• 4/8: “Civil Liberties Concerns Post-9/11 and Beyond.” Brown-bag lunch with Chisun Lee, a staff writer for the Village Voice who covers a wide range of topics from post–September 11 civil liberties concerns to New York City social welfare policy.
  • 4/3: “Islam at War with Itself: A Journalist Reflects on Her Journeys in the Muslim World of Southeast Asia.” Brown-bag lunch with Pam Constable, the Pew Journalist-in-Residence fellow at the Johns Hopkins University’s School of Advanced International Studies. She is working on a book about Afghanistan, which she covered from 1998 to 2002 as a foreign correspondent and as the South Asia bureau chief for the Washington Post.
  • 4/2: “What We’ve Learned From the War … So Far.” Brown-bag lunch with David Brooks, senior editor at The Weekly Standard, a contributing editor at Newsweek and the Atlantic Monthly, and a commentator on The Newshour with Jim Lehrer.
  • 4/1: “Covering Tax Policy: Principles You Can Apply to Any Policy Beat.” Brown-bag lunch with David Cay Johnston, financial reporter at the New York Times and recipient of the 2001 Pulitzer Prize for beat reporting.


  • 3/20: “Bioterrorism and Small Pox: Has the Bush Administration Adequately Prepared to Defend Americans from Saddam’s Potential Small Pox Attack?” Brown-bag lunch with Graham Allison, director of the Belfer Center for Science and International Affairs and an analyst of U.S. national security and defense policy with a special interest in terrorism. Professor Allison was assistant secretary of defense in the first Clinton administration.
  • 3/18: “What the President Meant to Say…. Scenes from the White House Podium.” Brown-bag lunch with Mike McCurry, chairman and chief executive officer, Grassroots Enterprise, and press secretary to President Bill Clinton from 1995 to 1998.
  • 3/12: “The Present and Future of Investigative Reporting.” Goldsmith Seminar with investigative-prize finalists from the Boston Globe, Dayton Daily News, National Public Radio, the New York Times, WFAA-TV (Dallas), and the Wisconsin State Journal.
  • 3/11: Goldsmith Awards Ceremony with Seymour Hersh, recipient of the Career Award for Excellence in Journalism, and the presentation of the Goldsmith investigative-reporting prize and book prizes.
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  • 3/11: “What Liberal Media? The Truth About Bias and the News.” Brown-bag lunch with Eric Alterman, writer of the weblog “Altercation” for MSNBC.com and the column “Stop the Presses” for the Nation.
  • 3/5: “Presidents Meet the Press: The Changing Face of Presidential Press Conferences.” Brown-bag lunch with Martha Kumar, director of the White House 2001 Project and professor of political science at Towson University.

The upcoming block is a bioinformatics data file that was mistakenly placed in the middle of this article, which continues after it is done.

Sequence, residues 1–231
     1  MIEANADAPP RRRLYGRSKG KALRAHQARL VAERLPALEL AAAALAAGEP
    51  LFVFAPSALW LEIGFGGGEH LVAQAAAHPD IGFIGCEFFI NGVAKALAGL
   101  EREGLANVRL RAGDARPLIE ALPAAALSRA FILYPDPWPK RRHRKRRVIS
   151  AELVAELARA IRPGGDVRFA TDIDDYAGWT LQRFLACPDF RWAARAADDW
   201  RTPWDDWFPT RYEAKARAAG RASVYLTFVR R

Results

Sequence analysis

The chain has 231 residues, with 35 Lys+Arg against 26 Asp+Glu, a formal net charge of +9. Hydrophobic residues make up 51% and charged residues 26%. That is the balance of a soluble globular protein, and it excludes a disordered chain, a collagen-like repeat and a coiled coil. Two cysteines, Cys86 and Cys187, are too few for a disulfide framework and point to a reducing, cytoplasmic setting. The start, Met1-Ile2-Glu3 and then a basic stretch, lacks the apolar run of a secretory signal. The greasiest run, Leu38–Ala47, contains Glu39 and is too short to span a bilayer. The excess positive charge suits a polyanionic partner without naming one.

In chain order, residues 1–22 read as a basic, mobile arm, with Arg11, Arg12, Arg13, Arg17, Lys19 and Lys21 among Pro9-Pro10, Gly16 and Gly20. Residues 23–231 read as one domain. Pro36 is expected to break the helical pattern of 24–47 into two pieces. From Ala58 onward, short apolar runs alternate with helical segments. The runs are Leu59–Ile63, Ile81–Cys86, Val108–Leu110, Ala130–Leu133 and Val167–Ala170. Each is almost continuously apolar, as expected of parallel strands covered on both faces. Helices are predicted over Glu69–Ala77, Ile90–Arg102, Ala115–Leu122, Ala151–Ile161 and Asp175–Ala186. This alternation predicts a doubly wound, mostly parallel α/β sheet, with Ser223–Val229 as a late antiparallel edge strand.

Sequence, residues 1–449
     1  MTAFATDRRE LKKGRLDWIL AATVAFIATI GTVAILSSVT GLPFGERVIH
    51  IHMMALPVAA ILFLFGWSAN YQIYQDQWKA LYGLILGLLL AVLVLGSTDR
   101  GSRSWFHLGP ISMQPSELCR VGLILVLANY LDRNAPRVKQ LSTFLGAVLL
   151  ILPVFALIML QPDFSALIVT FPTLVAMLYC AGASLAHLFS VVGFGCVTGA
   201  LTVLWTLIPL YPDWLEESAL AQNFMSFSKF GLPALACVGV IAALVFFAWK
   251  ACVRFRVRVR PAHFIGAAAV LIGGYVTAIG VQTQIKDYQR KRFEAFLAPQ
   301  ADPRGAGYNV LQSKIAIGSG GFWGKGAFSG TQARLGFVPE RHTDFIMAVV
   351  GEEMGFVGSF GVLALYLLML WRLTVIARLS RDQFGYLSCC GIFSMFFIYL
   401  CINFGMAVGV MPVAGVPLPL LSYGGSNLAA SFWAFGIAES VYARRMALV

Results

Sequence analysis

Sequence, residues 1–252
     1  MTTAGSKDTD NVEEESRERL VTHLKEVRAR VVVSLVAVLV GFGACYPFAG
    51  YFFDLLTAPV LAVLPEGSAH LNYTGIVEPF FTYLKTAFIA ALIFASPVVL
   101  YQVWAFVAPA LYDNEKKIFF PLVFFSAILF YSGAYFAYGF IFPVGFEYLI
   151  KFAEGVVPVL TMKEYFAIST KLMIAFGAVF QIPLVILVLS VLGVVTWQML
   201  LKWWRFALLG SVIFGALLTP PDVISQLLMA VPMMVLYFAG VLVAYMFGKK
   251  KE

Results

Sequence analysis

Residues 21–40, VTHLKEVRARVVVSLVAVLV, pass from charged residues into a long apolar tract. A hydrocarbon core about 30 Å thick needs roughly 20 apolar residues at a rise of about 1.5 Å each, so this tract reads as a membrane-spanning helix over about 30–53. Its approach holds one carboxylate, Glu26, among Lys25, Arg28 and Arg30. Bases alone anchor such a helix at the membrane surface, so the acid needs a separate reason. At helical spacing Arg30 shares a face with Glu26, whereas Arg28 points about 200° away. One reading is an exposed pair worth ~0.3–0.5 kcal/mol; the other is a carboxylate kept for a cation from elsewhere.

• 2/25: “Covering Bush’s War(s).” Brown-bag lunch with Evan Thomas, assistant managing editor and special projects writer at Newsweek magazine and regular panelist on the syndicated political talk show Inside Washington.
  • 2/14: “The Press Effect: Politicians, Journalists and the Stories that Shape the Political World.” Brown-bag lunch with Kathleen Hall Jamieson, professor of communication and the Walter H. Annenberg Dean of the Annenberg School for Communication at the University of Pennsylvania. She is also director of the Annenberg Public Policy Center.
  • 2/12: “Are There Foundations for Democracy and a Free Press in China’s Past?” Panel discussion with Orville Schell, dean, Graduate School of Journalism; research associate, Center for Asian Studies, University of California, Berkeley. Merle Goldman, Fairbank Center for East Asian Research; professor emerita of history, Boston University. Dorrinda Elliott, former editor, AsiaWeek. Anthony Saich, Daewoo Professor of Inter-national Affairs; faculty chair of Asia Programs and the China Public Policy Program. Alex S. Jones, moderator; director, Joan Shorenstein Center on the Press, Politics and Public Policy.
  • 2/11: “The Will to Go to War.” Brown-bag lunch with Linda Wertheimer, senior national correspondent; host of National Public Radio’s All Things Considered from 1989 to 2002.
  • 2/4: “The Civil Rights Movement: ‘It’s Deja-vu All Over Again.'” Brown-bag lunch with Judy Richardson, senior producer at Northern Light Productions, an independent documentary film production company, who is noted for her work with Eyes on the Prize and with civil rights, beginning in the early 1960s with the Student Nonviolent Coordinating Committee (SNCC).


  • 1/16: Media Matters. New episode of the television program airs nationally on PBS. Alex S. Jones reports on editorials, op-eds, and U.S. policy on Iraq. In Boston the program aired on WGBH.